Garlow’s Blizzard of 1978 Photos

Bill Garlow was a photographer with the Dayton Journal-Herald from 1964 until the newspaper merged with the Dayton Daily News, and then continued with the DDN until his retirement, about 2006. Over his more than 40-year career, he captured hundreds of thousands of photographs of the Miami Valley’s history.

Only a fraction of the frames captured ever made it into the newspaper: any photographer sent out on assignment might take dozens of shots of an event, but there’s only so much room in the print edition of the newspaper! Well, lucky for us, Garlow kept *all* of his negatives, and in 2019, he donated them to us. The collection is open for research; learn more here: MS-665: Bill Garlow Photographic Negatives Collection.

This week, we are thrilled to share with you a handful of the photographs that Bill Garlow captured during the infamous Blizzard of ’78. We have written about the Blizzard of ’78 before, and you can also learn more from the National Weather Service at Wilmington. But as they say, a picture is worth a thousand words, so this post is mostly pictures! (And this is far from all of Garlow’s blizzard photos – but there’s also only so much room on this blog!)

Please note: Nearly all of the negatives in the Garlow Collection arrived in envelopes with dates identified, but most did not have any further description or individual captions. Therefore, the locations of these photographs are not necessarily known. If you have information about the locations or people pictured, please leave a comment or feel free to contact us!

To enlarge one of the pictures, move mouse cursor near the upper center of the image and click.

We hope you’ve enjoyed this snowflake’s taste of the Garlow Collection and of what you can learn about the Miami Valley’s history at Wright State University Libraries’ Special Collections and Archives.

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New Digital Collection of 1923 Dayton Area Street Views

We are pleased to announce the recent digitization of the Dayton Telephone Pole Line Photographs (MS-70), which consists of 113 images of documenting the locations of telephone pole lines in Dayton and rural Montgomery County, Ohio, in March 1923.

Most of the telephone pole lines were located at major road intersections, and in the photographs, the surrounding area is typically visible. This provides a nice snapshot of how that location looked at the time, including buildings, businesses, residences, and sometimes automobiles, pedestrians, and animals.

The entire collection can be freely accessed online, anytime, through the Wright State University Campus Online Repository, at CORE Scholar: Dayton Telephone Pole Line Photographs (MS-70).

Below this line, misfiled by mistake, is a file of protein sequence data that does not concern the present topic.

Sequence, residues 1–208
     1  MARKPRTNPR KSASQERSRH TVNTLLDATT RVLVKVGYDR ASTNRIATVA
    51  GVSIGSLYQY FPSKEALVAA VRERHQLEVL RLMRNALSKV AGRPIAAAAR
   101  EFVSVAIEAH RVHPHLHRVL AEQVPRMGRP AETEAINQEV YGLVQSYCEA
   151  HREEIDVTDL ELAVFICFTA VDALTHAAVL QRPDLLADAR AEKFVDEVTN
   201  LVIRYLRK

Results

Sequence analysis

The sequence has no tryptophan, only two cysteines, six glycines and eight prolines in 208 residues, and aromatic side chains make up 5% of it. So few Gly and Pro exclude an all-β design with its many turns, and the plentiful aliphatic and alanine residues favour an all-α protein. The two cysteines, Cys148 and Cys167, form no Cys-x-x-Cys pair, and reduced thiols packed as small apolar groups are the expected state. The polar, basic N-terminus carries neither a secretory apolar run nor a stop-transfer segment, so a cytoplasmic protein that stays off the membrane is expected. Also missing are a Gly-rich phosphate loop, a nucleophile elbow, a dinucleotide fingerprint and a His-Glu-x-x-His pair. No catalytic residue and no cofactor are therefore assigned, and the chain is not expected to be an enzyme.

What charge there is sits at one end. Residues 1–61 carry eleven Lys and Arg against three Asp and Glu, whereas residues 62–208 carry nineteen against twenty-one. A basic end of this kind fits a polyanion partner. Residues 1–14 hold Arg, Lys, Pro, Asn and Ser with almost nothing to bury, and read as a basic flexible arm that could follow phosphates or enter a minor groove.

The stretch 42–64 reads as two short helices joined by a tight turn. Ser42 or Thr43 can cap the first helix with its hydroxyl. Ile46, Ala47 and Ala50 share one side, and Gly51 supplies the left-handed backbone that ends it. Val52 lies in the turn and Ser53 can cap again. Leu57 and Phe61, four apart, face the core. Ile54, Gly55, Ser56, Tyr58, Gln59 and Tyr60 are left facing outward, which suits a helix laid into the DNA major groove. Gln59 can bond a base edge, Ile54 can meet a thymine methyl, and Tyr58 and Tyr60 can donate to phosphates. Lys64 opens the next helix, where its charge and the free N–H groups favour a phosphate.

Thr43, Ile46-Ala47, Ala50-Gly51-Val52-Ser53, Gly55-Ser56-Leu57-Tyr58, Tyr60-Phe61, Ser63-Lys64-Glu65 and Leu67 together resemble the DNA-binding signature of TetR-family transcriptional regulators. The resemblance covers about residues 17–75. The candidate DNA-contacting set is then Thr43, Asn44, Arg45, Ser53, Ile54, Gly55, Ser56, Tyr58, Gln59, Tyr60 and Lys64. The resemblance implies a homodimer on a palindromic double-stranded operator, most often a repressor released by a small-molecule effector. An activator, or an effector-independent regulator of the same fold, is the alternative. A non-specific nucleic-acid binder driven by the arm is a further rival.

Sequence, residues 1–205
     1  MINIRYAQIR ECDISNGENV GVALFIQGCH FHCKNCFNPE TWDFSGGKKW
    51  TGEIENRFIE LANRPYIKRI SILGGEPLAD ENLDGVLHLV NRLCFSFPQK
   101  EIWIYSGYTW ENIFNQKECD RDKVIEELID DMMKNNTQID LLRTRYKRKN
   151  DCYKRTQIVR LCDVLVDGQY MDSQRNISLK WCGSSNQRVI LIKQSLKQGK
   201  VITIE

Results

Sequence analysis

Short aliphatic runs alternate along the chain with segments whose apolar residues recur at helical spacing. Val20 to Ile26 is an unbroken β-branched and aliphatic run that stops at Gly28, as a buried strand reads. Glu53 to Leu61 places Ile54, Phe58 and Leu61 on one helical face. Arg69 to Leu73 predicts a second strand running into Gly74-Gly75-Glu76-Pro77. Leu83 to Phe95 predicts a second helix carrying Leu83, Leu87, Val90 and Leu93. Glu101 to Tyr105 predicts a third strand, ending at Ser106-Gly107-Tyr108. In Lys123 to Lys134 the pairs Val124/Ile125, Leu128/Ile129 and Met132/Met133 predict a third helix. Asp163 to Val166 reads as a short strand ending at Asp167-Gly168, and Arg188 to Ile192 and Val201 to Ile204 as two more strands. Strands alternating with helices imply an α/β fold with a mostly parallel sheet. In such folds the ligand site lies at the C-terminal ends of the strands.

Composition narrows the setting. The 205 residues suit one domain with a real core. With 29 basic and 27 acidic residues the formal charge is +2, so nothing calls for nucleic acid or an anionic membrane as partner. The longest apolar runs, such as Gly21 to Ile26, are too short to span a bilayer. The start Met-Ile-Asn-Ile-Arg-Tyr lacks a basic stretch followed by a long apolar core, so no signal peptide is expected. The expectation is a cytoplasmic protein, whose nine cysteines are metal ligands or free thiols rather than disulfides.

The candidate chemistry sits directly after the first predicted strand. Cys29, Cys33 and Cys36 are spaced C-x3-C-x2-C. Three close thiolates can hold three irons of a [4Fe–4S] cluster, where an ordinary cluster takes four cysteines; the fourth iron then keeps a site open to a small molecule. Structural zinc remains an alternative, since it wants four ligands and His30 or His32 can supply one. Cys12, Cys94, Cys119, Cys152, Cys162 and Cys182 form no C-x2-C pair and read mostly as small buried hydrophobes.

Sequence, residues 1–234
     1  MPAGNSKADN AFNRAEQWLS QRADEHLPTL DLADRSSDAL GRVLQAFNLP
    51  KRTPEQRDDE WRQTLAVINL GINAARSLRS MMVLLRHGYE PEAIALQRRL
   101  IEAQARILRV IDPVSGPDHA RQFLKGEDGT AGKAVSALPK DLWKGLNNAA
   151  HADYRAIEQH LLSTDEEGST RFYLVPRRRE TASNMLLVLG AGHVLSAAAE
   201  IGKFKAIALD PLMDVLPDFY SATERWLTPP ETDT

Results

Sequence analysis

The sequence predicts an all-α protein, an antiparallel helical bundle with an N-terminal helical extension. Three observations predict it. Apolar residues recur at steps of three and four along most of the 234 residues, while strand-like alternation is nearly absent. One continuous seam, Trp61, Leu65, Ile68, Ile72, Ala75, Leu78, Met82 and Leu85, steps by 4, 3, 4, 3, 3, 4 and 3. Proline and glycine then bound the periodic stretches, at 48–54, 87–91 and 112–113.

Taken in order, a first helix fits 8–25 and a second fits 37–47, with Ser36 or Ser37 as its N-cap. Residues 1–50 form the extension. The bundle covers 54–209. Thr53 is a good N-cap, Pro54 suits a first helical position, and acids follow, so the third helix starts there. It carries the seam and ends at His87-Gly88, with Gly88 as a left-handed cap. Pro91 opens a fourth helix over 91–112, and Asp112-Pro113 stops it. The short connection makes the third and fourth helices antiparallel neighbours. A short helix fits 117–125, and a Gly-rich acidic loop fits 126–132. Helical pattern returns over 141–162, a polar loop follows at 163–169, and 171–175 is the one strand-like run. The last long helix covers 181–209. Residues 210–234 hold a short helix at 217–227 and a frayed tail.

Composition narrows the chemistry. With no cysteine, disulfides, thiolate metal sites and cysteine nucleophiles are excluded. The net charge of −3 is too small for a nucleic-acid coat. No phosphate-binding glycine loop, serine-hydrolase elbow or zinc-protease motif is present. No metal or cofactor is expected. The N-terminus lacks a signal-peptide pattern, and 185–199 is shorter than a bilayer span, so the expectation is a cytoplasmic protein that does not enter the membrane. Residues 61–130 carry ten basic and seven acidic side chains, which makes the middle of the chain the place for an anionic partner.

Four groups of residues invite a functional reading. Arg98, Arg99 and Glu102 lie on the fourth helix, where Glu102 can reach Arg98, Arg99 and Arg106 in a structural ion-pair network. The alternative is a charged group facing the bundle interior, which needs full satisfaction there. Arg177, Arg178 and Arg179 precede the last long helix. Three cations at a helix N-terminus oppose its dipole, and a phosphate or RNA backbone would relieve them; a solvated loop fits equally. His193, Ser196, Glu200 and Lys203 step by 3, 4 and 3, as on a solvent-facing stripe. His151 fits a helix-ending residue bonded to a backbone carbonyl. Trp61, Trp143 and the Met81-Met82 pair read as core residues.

Each image is numbered and the exact location identified in the caption. All images in the online gallery have been geo-tagged with a map location. To view a map showing the locations of all images in the gallery, click on the map to the left of the page, then click on any pin to see the photo captured at that location. If you are already viewing a particular image and want to know the map location, zoom in on the map at the right-hand side of the page.

Screen shot of an image in the Dayton Telephone Pole Line Photographs gallery, indicating the location on the web page of the images' geo-tag information.
Screen shot of an image in the Dayton Telephone Pole Line Photographs gallery, indicating the location on the web page of the images’ geo-tag information.

Some of the scenes look very familiar, such as Photo No. 10, On South Brown Street, Just South of Fifth, Looking North (shown here in a mashup with a Google Maps image, under Fair Use):

South Brown Street, just south of Fifth Street, looking north, shown in Google Maps today (left) and in 1923 (right, photo ms70_02_012).
South Brown Street, just south of Fifth Street, looking north, shown in Google Maps today (left) and in 1923 (right, photo ms70_02_012).

And some of the scenes look very, very different — as one might expect from nearly 100 years of change! — such as this scene in Photo No. 80, Whipp Road, at Lebanon Pike (Far Hills Avenue), Looking West:

Whipp Road, at Lebanon Pike (Far Hills Avenue), looking west, shown in Google Maps today (top) and in 1923 (bottom, photo ms70_02_082).
Whipp Road, at Lebanon Pike (Far Hills Avenue), looking west, shown in Google Maps today (top) and in 1923 (bottom, photo ms70_02_082).

We hope you’ll enjoy looking at these images as much as we enjoyed preparing them for you!

This digital project has been produced by the University Libraries’ Special Collections & Archives, through the combined efforts of its archivists and digitization specialists, who collaborated to provide the digitization, metadata encoding, and uploading of digital content to CORE Scholar.

Please visit the Special Collections & Archives’ CORE Scholar page to browse additional digital collections. Don’t forget to check out the University Archives’ CORE Scholar page as well.

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Winter Break Hours & Closures

From Tuesday, December 21, through Thursday, December 23, we will be open by appointment only.

Special Collections & Archives will be closed from Friday, December 24, 2021, through Monday, January 3, 2022, as part of the Wright State University winter break.

We will be open again beginning on Tuesday, January 4, 2022.

For the most up-to-date listing of our closures and open hours, please check the University Libraries’ Hours calendar, and make sure to look at the marked Special Collections & Archives.

While the office may be closed, the web site, blog, and digital collections on CORE Scholar are always available.

SC&A wishes everyone a happy and safe holiday season!

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